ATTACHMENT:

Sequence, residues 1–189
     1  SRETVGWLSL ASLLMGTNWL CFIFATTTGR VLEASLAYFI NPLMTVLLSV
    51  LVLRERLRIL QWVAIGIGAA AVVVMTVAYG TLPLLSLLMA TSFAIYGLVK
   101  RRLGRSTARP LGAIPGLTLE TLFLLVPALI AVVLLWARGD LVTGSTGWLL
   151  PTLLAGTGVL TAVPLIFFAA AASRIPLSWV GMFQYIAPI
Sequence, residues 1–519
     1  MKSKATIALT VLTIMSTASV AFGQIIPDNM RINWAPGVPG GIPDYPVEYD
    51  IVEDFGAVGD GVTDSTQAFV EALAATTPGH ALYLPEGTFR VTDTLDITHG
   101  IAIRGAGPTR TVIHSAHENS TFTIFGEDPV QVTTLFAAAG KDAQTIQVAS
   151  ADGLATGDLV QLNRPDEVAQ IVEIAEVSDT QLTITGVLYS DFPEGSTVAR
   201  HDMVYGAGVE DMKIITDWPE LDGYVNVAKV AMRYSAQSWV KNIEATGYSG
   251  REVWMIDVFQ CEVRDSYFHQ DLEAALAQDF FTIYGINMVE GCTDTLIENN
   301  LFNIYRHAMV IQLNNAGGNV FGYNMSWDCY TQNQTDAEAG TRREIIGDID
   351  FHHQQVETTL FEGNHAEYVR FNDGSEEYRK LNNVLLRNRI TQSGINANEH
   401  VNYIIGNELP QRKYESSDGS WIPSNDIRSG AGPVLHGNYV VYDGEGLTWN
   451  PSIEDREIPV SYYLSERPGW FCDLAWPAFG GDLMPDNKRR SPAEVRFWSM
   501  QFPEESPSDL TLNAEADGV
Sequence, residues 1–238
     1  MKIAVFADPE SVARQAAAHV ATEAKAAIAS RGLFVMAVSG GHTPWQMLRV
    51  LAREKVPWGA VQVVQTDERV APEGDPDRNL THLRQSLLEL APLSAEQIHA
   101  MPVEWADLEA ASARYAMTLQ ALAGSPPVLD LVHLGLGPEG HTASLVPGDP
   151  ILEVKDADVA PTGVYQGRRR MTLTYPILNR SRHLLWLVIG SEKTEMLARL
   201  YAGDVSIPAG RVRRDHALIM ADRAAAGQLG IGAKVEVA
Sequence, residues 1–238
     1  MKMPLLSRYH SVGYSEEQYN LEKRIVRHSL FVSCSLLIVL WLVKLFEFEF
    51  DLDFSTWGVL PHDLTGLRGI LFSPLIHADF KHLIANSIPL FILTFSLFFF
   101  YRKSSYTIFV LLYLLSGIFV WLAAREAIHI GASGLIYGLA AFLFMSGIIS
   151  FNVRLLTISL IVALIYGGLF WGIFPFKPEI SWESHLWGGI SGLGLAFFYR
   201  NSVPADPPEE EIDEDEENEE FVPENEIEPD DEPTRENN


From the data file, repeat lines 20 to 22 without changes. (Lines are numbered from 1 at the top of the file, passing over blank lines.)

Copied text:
    51  LAREKVPWGA VQVVQTDERV APEGDPDRNL THLRQSLLEL APLSAEQIHA
   101  MPVEWADLEA ASARYAMTLQ ALAGSPPVLD LVHLGLGPEG HTASLVPGDP
   151  ILEVKDADVA PTGVYQGRRR MTLTYPILNR SRHLLWLVIG SEKTEMLARL